Sooner or later, American democrats will come forward with a program largely similar to that of Franklin Delano Roosevelt, who implemented a very efficient program after the financial crash of 1929. Extremely effective measures aimed at regulating the American banking system were carried out in order to avoid such situations in the future. This system worked quite well until the 80s and 90s, when the Republicans, led by Reagan, and then the Democrats under Clinton, began to dismantle it. We are dealing with the current financial crisis today as a result.

In preparation for the coming election, Democrats should adopt the following message: ‘Our country suffered an economic catastrophe in the early 1930s. Democrats came to power, and for the next forty to sixty years, even under the Republicans when Eisenhower and Nixon were in power, America basically followed the policies of the New Deal, which fought the greed of banks, and emphasized investments into such infrastructures as roads and utilities and the development of the American national industry and American technologies. This development plan was achieved by common Americans, and they were the best years in the history of the country.

There were high levels of employment, social security, and cheap energy. Unfortunately, since the 1980s, the Republicans have run for office on a platform of wide capitalism with a focus on deregulation. Not surprisingly, one financial crisis followed another, the most recent of which would have been as terrible as the crash of 1929 had we not spent trillions of dollars to cope with it. It is time to get back to the good life. It is time to forget all the nonsense about an absolutely free market economy.’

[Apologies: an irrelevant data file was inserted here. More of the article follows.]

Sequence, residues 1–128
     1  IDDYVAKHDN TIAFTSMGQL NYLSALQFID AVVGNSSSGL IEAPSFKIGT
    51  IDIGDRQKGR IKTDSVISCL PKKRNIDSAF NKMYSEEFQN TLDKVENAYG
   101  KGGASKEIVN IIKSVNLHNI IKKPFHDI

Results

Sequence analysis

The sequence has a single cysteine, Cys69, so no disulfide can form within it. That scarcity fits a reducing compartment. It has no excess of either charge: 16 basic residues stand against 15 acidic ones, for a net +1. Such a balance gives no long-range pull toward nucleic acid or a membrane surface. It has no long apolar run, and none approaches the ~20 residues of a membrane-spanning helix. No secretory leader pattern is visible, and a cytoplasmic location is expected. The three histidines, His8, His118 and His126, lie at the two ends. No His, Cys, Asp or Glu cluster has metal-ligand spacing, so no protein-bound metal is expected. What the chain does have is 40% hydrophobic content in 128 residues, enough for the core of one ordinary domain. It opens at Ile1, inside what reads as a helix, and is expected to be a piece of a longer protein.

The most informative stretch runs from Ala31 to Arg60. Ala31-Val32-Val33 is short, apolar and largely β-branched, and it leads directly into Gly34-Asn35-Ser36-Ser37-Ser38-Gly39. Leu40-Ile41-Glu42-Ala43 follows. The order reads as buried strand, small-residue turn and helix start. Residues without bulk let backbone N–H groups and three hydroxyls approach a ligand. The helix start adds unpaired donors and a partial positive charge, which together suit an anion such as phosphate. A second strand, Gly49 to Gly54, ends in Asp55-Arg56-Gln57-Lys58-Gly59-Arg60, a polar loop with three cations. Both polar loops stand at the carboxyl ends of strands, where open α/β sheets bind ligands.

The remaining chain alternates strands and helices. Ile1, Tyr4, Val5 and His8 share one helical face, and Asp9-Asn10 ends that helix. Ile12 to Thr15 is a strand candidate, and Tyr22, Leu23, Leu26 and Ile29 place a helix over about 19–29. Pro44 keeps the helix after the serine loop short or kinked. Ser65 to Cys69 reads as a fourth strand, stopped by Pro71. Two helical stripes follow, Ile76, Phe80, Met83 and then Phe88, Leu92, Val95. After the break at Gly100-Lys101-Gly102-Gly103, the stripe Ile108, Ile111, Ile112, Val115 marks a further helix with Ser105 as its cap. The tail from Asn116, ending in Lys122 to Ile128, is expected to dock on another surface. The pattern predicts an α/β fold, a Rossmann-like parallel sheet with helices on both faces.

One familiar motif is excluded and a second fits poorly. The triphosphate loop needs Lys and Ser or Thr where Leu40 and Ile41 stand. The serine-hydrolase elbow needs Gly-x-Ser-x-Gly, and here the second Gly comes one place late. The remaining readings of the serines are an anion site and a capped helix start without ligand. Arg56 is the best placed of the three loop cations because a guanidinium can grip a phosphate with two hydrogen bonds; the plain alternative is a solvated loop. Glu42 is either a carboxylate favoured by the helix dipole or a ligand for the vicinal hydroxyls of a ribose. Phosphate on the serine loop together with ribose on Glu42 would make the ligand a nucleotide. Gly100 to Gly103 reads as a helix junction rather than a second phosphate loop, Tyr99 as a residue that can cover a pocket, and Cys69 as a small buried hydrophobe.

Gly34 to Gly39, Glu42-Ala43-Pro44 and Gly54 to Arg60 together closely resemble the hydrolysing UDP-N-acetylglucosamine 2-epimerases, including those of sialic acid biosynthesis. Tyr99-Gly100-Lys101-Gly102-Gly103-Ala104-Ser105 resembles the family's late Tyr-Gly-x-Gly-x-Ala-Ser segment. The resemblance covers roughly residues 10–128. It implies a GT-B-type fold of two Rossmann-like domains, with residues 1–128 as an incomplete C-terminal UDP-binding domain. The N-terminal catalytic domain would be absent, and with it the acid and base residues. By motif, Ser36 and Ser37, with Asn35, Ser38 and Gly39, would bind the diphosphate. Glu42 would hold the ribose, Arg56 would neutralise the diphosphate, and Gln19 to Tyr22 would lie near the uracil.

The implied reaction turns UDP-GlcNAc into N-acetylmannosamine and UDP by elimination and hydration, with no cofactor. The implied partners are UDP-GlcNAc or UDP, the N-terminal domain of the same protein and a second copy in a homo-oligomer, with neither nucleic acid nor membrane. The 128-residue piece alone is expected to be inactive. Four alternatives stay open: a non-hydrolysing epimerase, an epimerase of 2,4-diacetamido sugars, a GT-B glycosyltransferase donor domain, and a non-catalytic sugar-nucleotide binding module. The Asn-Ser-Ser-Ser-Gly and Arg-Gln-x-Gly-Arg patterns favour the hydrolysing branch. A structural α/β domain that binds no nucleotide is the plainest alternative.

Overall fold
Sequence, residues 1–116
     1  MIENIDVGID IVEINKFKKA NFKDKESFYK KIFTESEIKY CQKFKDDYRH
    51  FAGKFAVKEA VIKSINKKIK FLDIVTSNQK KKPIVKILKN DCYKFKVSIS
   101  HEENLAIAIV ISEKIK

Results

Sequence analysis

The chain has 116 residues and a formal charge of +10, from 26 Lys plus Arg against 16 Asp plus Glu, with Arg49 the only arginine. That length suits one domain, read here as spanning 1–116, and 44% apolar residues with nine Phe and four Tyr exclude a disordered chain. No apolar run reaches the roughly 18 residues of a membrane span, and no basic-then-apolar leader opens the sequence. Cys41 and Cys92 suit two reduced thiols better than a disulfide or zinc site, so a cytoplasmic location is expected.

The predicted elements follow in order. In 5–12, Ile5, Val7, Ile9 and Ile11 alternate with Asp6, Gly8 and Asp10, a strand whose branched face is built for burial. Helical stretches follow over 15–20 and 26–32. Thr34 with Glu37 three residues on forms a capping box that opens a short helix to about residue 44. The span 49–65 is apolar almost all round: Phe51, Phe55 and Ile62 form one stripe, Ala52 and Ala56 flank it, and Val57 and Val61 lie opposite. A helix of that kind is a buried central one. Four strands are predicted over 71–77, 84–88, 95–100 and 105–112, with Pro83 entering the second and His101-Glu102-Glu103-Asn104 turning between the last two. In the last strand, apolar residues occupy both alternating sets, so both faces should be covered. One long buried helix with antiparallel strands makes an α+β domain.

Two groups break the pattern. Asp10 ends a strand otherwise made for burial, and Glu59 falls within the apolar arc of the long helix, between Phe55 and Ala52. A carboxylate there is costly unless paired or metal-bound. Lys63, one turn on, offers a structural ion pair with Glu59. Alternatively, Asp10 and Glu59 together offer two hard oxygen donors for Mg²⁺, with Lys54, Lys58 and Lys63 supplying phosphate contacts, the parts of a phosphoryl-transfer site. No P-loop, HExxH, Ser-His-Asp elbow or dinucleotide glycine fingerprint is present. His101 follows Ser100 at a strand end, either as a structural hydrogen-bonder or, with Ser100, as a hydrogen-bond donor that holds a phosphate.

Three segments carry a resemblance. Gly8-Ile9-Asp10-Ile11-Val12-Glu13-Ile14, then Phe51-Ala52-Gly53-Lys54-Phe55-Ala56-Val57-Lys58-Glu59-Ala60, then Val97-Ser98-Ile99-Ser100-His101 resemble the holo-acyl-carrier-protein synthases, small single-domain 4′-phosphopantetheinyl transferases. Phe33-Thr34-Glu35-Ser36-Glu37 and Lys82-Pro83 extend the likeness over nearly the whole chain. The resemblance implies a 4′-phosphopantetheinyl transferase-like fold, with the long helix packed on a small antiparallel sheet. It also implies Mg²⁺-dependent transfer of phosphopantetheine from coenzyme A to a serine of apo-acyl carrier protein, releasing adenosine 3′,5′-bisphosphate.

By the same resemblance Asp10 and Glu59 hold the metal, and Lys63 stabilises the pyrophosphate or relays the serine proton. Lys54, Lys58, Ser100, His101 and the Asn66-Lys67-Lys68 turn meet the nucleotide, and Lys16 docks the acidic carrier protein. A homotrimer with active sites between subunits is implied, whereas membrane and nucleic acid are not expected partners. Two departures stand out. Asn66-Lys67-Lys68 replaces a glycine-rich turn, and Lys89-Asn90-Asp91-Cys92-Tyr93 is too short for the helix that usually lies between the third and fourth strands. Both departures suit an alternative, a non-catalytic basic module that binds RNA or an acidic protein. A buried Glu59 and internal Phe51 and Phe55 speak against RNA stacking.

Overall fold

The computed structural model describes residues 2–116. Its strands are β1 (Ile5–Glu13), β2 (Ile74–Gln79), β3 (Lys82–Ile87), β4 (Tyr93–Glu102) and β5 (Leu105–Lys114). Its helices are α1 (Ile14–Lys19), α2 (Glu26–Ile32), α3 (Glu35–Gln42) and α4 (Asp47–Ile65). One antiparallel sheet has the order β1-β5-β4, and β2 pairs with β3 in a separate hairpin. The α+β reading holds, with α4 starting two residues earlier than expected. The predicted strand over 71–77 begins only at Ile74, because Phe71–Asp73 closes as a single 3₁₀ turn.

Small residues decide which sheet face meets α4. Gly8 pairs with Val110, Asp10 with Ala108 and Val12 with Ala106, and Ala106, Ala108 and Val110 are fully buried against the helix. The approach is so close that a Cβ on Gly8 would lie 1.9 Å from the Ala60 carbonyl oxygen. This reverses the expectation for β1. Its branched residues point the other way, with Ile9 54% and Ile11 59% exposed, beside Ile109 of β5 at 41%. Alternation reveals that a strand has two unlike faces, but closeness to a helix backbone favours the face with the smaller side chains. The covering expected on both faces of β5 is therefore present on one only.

Such an appeal would meet with great success across the country. Of course, one should not think from this that Obama’s campaign will call for socialism. A system of constant interference into the economy will be offered, but will go no further than policies between the 1930s and the 70s. Obama will also hopefully offer measures to protect the environment, paying earnest attention to the overall social wellbeing of the country. Obama’s administration will not move any further left than these strategies. In response, Republicans will no doubt initiate a hysterical campaign against Obama, accusing him of inciting socialism and communism, and at the same time appealing to once again develop unrestricted market relationships.

But, in spite of all the ‘tea parties’ and the populism of middle-class white Americans, as of now, nothing can warrant a Republican victory – bankers remain bitterly unpopular, and Obama should build his campaign on the basis of punishing them, taming them, and regulating their activities. Many Americans will sympathize with this position.

However, the final say will depend on the conditions of the American economy at the time of elections. If there remains high unemployment ratings by 2012, and if the economy grows sluggishly, then Obama is certain to lose the elections, regardless of what he may promise.

* * *